Sports desk: Serena Williams was fined $17,000 (£13,100) for the code violations that included calling the umpire a “liar” and “thief” in her US Open final loss.
Williams, beaten by Naomi Osaka, was docked a game for verbal abuse and had a point penalty for racquet smashing and a code violation for coaching, reports BBC.
She later said it was “sexist” to have been penalised a game.
BBC tennis presenter Sue Barker said: “The umpire was following the rules by the book but Serena has a point.” Barker, a former world number three and 1976 French Open champion, added that “tennis was the loser” from Saturday’s events.
Williams’ fine for the code violations, imposed by the United States Tennis Association (USTA), will be deducted from the $1.85 million the American won as the runner-up.
“I’ve sat courtside watching the men ranting at umpires and they haven’t been given a violation,” Barker said. “The fact that it was to be a game violation then robbed the crowd of what potentially could’ve been a third set.”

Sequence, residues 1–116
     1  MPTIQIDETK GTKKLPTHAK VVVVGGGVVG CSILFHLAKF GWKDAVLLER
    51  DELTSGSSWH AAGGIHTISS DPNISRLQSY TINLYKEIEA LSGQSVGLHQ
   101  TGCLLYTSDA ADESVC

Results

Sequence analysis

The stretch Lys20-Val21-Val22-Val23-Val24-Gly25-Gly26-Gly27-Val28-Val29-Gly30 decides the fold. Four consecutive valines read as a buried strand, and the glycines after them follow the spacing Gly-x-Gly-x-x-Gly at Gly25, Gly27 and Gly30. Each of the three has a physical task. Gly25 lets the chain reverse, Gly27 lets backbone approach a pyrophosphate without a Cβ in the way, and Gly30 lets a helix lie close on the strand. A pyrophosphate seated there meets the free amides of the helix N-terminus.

Osaka, 20, won the match 6-2 6-4 to become the first Japanese Grand Slam champion. Williams, who was aiming to equal Margaret Court’s record of 24 Grand Slam singles titles, refused to shake hands with umpire Ramos after the match.
She later accused him of sexism, saying: “He’s never taken a game from a man because they said ‘thief’.” Barker told BBC Radio 5 live’s Sportsweek programme: “Both have a point – Serena saying the male players can say what they want to umpires.
“Earlier in the tournament we saw Alize Cornet being given a code violation for changing her shirt on court and then in the same tournament Mohamed Lahyani gets down from his chair to talk to Nick Kyrgios and persuade him not to give up on a match.
“He [Ramos] was following the rules by the book but sometimes the book has to be rewritten.
“You can’t have one rule for some players and some umpires don’t adhere to it and allow players to get away with things. They’ve just got to be fair to the players.
“Tennis was the loser and we lost what was potentially a fantastic match. “I’ve never seen anything like it since I have been watching tennis. It was sad for the game.”